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Unanswered Questions from Last Week’s Webinars

04 February 2010

Thanks to all who attended last week’s webinars.  We had great audience participation, but lots of questions went unanswered, so I want to respond to a few more great questions.  I’m doing an experiment by taking the extended Q&A session online. Let me know what you think!

If your question is still not addressed in this blog post, please feel free to re-post it in the comments section. Or if you prefer, contact me by e-mail or phone.

Q: What changes, if any, to the Sales 2.0 process would you suggest for companies choosing to use an independent sales agent approach to building a business development organization?

A: The same principles apply, whether you are building a virtual sales team or hiring staff. Develop a sales culture that includes a focused sales strategy, with aligned sales and marketing functions, as well as aligned sales channels. Consider phone/Web-based or inside selling to leverage and support face-to-face selling.  Define and measure a customer-centric sales process. Find open-minded, flexible, team-oriented sales people who are willing to try new things as the business climate and customer preferences change. And enable as much of the buying and selling process with technology as makes sense for your customers and your business.  Listen to Mike Mansbach’s story of CitrixOnline’s inside sales group or Dan Freund’s description of OracleDirect to hear how leading companies are implementing Sales 2.0.

Q: Could you describe the movement of Product Pitch to Trusted Adviser through implementation of Sales 2.0?

A trusted adviser does more than recite a list of product features and benefits that may not be relevant to a buyer.  He or she does research on prospects, their industries, their companies; anticipates their needs; and provides valuable and expert information. This research is more possible than ever before because of tools such as online search (e.g. Google, Yahoo!), social networking and Sales 2.0 technologies that deliver accurate and timely information to sales people.  Check out Chad Levitt’s story about building a million-dollar pipeline as an example.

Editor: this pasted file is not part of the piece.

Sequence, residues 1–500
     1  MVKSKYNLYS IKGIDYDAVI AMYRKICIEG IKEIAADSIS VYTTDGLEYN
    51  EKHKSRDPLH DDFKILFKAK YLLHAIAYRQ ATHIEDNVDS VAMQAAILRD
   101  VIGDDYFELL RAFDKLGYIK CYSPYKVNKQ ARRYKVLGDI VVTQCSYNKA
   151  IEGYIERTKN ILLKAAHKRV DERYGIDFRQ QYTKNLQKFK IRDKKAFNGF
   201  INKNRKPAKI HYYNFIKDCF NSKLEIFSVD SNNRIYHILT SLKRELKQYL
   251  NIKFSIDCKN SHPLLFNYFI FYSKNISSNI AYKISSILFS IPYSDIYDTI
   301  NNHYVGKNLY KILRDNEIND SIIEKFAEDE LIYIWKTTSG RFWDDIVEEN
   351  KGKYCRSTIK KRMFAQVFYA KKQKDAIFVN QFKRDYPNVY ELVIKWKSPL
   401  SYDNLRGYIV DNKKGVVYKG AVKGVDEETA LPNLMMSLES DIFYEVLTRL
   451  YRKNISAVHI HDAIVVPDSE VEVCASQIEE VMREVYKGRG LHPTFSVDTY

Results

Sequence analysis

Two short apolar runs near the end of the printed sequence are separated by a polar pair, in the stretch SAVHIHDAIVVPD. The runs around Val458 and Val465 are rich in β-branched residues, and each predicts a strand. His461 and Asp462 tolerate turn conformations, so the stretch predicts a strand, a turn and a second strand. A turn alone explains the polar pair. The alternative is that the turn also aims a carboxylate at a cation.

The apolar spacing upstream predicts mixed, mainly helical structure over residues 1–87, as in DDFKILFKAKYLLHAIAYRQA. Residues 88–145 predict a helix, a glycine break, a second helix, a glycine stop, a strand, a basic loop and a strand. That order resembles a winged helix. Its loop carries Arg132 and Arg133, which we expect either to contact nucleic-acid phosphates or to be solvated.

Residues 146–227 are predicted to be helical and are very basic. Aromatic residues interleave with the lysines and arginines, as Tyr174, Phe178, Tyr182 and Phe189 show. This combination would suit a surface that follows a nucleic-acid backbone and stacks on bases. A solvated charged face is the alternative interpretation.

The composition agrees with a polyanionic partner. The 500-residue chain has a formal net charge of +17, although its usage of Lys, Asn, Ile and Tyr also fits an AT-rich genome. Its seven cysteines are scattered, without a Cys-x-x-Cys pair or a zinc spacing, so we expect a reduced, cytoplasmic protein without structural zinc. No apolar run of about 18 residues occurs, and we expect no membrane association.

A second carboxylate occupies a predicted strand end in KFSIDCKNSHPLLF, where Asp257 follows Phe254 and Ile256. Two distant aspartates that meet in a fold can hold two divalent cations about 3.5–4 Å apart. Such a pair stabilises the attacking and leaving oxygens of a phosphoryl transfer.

Q: How do you avoid making sales people not feel distrusted and micromanaged when you measure every activity so closely?

A: The last thing we want to do is demotivate our sales people!  Read Brent Holloway’s excellent post on how he uses metrics in his sales environment to manage his reps in a positive, motivating way.  The prerequisite, of course, is having the right sales people on your team who are constantly striving to improve and optimize their sales approach and see measurement as a way to gauge their performance and learn from their peers.

Q: Moving from Sales 1.0 to Sales 2.0 involves technical skills/knowledge development. Any idea of what segments and sizes of companies are adapting and being successful and why?

A: At Phone Works, our consulting business, we work with early venture-backed start-ups, as well as multi-billion-dollar companies that are succeeding with sales transformation from Sales 1.0 to Sales 2.0. These companies are across industries, though we have seen the most innovation in the technology, green/clean energy, health-care and media segments. The most important prerequisites to success are a willingness to change, thirst for new knowledge, an open-minded attitude to try new approaches, an inability to settle with the status quo, and a willingness for look for new ideas and ask for help from experts outside the company.  The companies that are the most successful with Sales 2.0 have leadership that supports and embraces these core values.

You can  listen to recordings of my Web events — or share them with colleagues who couldn’t attend — with Dan Freund, VP and GM of OracleDirect, on “Inside Sales 2.0: What Practices and Technologies Produce Results”; and Gerhard Gschwandtner, CEO of Selling Power and Mike Mansbach, GM and VP of Global Sales GM at CitrixOnline, on  “Sales 2.0, Actionable Strategies for Driving Sales and Increasing ROI”.